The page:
RV sales have skyrocketed and more people than ever are taking up RVing. The result is campground crowding like never before! In this weekly blog, RVTravel.com readers discuss their experiences. Maybe we can find some helpful tips and ways to work around the problem.
Here are a few observations from our readers.
Record high RV shipments adding to crowded campgrounds
Noticing more new trailers and truck campers at the campgrounds this year? There’s a reason for that! New travel trailers shipped to dealers are up 88 percent and truck campers are up 63 percent. Motorhomes are up 72.5 percent. So what do all those RVs mean? If you guessed crowded campgrounds, you’re right.
Campgrounds are splitting sites
Think your campsite is small? One campground increased the number of sites by splitting them in two. Are more sites worth it? Penny G. explains: “Went to a campground that added sites by having you split the power and water with the site next to you. In other words between sites 16 and 17, they added site 16a. You shared power and water with site 16. This was done after reservations were made and no notice was given until the neighbors moved in. This was upsetting and not a peaceful weekend. Will never go back to this campground. 35-ft. travel trailer was what we were camping in.”
Priced out of the housing market
A number of people have had to turn to an RV and long-term RV parks because of the expensive housing market and are not happy about it. Vicki S. writes, “We have been full-time RVers for years. Here in the western part of the country people are being priced out of the housing market and are turning to RVs for a place to live. Sadly, many people we meet are not happy being in an RV or RV park. This makes it hard for camp managers and campers who want to be in the parks. No end in sight.”
State parks? Forget it!
Micheal W. booked two different locations this year, or at least tried… “While preparing for our winter Texan trip we have found no problem in booking, not only the RV park but also for the site we wanted. This is a bit of a change from a couple of years ago when we had to take a site that was less than optimal if we wanted to stay at a particular park. I had the opposite experience when booking for the summer months in Michigan. State parks? Forget it! They are either at or near 100 percent capacity. We found no available sites in the entire Michigan State Park system as far as a month out. We gave up on the Michigan State Parks and stayed at home. If this continues we may drop our annual state park pass completely. No sense in paying for something that you can’t use.”
Vic B. had similar experiences: “Took a trip from VA to Yellowstone with stops in Kentucky, Illinois, Missouri, Nebraska, and Wyoming, in mostly state parks. The park in Missouri was full on Saturday, the park in Nebraska had 69 spots with only 8 campers, and the park in Wyoming maybe only had a third of the spots taken. Then on to Cody and Yellowstone where it is booked solid. So it seems to me it’s about location and time of the week. The choice is yours.”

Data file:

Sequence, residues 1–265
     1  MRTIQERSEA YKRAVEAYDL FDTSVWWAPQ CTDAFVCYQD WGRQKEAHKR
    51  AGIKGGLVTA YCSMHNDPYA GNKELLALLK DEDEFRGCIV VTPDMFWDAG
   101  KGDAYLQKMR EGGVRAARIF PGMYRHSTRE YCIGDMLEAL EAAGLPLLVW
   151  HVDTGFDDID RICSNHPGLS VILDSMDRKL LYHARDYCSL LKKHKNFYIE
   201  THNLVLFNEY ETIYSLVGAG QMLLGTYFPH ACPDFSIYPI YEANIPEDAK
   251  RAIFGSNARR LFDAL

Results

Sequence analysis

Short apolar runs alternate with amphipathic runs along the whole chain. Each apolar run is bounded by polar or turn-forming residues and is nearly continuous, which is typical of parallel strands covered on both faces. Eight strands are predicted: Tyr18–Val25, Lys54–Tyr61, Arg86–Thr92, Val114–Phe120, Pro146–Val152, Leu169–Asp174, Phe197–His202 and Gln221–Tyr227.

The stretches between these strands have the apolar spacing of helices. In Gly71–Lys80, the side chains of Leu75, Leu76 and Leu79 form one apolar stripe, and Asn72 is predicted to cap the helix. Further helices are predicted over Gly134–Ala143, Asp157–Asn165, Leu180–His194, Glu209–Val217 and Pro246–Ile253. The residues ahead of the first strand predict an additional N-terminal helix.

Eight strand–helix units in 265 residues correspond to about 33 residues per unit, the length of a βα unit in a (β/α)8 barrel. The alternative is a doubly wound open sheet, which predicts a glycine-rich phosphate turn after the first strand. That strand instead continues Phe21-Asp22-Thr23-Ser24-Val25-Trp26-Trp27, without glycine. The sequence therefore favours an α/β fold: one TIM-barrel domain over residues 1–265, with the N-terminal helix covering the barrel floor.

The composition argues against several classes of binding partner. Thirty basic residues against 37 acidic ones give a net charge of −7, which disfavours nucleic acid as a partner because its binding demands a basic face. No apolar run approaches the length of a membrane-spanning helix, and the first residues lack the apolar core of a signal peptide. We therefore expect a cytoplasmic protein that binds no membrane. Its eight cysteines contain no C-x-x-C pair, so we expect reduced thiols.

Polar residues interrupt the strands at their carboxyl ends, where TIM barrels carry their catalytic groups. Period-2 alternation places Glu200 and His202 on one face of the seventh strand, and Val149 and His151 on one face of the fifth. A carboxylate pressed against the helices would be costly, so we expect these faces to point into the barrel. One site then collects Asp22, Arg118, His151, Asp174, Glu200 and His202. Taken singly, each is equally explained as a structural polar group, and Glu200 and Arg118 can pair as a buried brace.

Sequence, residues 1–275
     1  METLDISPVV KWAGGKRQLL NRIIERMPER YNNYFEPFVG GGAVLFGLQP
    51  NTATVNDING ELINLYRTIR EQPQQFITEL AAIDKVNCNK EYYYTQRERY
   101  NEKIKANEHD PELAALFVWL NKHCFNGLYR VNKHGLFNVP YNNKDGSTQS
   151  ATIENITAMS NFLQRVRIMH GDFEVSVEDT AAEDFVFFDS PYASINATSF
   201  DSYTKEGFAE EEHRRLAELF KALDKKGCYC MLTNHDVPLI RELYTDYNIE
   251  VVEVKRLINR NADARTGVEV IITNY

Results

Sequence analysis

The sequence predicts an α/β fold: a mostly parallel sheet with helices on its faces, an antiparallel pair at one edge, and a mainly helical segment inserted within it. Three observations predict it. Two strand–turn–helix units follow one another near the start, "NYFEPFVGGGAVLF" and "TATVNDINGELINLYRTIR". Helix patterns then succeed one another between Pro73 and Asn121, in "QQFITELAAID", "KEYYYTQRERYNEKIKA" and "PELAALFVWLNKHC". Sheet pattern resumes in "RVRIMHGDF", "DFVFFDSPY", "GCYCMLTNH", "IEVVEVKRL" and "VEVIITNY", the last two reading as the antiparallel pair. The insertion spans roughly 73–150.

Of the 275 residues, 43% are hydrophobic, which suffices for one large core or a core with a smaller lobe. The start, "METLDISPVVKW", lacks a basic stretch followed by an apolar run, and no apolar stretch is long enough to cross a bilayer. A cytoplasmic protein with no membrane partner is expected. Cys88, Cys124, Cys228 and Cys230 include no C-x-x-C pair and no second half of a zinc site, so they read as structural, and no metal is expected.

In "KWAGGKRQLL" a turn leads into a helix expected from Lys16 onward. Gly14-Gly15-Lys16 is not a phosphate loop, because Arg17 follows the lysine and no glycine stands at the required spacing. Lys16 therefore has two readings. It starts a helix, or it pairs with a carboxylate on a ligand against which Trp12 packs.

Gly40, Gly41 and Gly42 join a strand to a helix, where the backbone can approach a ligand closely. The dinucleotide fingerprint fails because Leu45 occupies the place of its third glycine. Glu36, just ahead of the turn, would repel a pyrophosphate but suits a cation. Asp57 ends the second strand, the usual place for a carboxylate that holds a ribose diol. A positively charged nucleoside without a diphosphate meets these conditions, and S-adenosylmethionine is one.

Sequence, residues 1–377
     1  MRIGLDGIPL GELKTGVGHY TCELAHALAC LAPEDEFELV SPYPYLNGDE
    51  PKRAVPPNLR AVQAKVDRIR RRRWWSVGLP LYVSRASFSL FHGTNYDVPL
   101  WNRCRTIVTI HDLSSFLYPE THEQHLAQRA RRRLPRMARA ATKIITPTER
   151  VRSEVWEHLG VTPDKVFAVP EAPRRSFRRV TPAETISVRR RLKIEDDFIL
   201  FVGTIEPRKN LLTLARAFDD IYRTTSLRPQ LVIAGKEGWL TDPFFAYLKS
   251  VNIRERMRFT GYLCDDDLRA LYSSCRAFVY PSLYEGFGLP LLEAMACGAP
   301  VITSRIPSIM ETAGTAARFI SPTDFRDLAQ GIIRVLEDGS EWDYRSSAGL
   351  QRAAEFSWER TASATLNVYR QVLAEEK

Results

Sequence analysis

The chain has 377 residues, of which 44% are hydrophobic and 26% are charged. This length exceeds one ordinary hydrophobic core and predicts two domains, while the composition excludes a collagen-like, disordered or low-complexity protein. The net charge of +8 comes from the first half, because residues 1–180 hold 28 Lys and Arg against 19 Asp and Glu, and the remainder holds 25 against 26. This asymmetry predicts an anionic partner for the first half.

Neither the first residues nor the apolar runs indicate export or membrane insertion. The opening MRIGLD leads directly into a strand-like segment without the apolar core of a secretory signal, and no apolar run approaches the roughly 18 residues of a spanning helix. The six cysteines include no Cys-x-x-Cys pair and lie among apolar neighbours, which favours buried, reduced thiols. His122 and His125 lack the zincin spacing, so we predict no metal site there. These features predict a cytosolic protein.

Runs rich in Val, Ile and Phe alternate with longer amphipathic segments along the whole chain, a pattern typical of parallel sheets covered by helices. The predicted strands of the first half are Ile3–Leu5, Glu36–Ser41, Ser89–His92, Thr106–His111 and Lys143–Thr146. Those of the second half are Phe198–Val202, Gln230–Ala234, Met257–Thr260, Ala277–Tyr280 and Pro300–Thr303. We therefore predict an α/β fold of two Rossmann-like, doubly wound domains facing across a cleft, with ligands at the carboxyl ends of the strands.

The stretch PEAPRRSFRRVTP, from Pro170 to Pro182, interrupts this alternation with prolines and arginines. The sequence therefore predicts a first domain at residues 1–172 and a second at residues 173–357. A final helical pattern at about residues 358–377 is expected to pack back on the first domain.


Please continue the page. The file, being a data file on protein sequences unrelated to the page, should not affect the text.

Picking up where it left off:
John R. was dismayed to find zero weekend campsites available in Tennessee. “I live in Tennessee and we have a plethora of campsites between state parks and Corps of Engineers campgrounds around all the lakes, and, of course, tons of private campgrounds in the Smokies. I tried in May to book a few weekends for my Lance Travel Trailer and was dismayed to find zero availability through Labor Day.”
Sunshine State is not so sunny…
Our readers often mention the difficulty of getting into parks in Florida, particularly state parks. Arthur M. agrees: “I have found that the places we have gone to in the past here in Florida are now all booked up months in advance. FORGET trying to get a reservation on any body of water… there’s nothing available until December! All the Florida State Parks are booked months down the road. The only places I can find a spot available are the expensive RV resorts charging $60 – $150 a night.”
Enough about dry camping!
Every week we get the suggestion from you, our readers, to boondock to alleviate the frustration of finding a campsite. However, boondocking isn’t for everyone.
A reader who goes by the name Wanderer posted this comment in last week’s newsletter: “Oh for heaven’s sake, enough about ‘dry camping’ as the ultimate solution. Many people can’t afford the generator and/or solar upgrades to make that work, and many don’t have the clearance to pursue remote sites down 4WD roads. And, here at 40 degrees north latitude and 4,700 ft. elevation, it was 109 degrees yesterday. The only thing boondocking would accomplish would be heatstroke!
“The reason I am here in 100+ weather? I booked well in advance to make sure I could do my dream stay and excursion. Now I am stuck with hellish weather. So much for ‘planning ahead’ as the ultimate solution, lol!
“We need more capacity and affordable sites as more people pour into outdoor recreation. You can try all the tips and tricks you want, but we need more sites near popular destinations and metros.”
Now, some questions for you:
• Are you finding more and more campgrounds booked up? Or are you having no problem finding places to stay?
• If campgrounds continue to be crowded and RVing continues to become more popular, will it affect how or when you RV?
• Do you have any tips or secrets you’d like to share about finding campgrounds that aren’t as crowded?
Please use the form below to answer one or more of these questions, or tell us what you’ve experienced with campground crowding in general.
Read last week’s Crowded Campgrounds column here.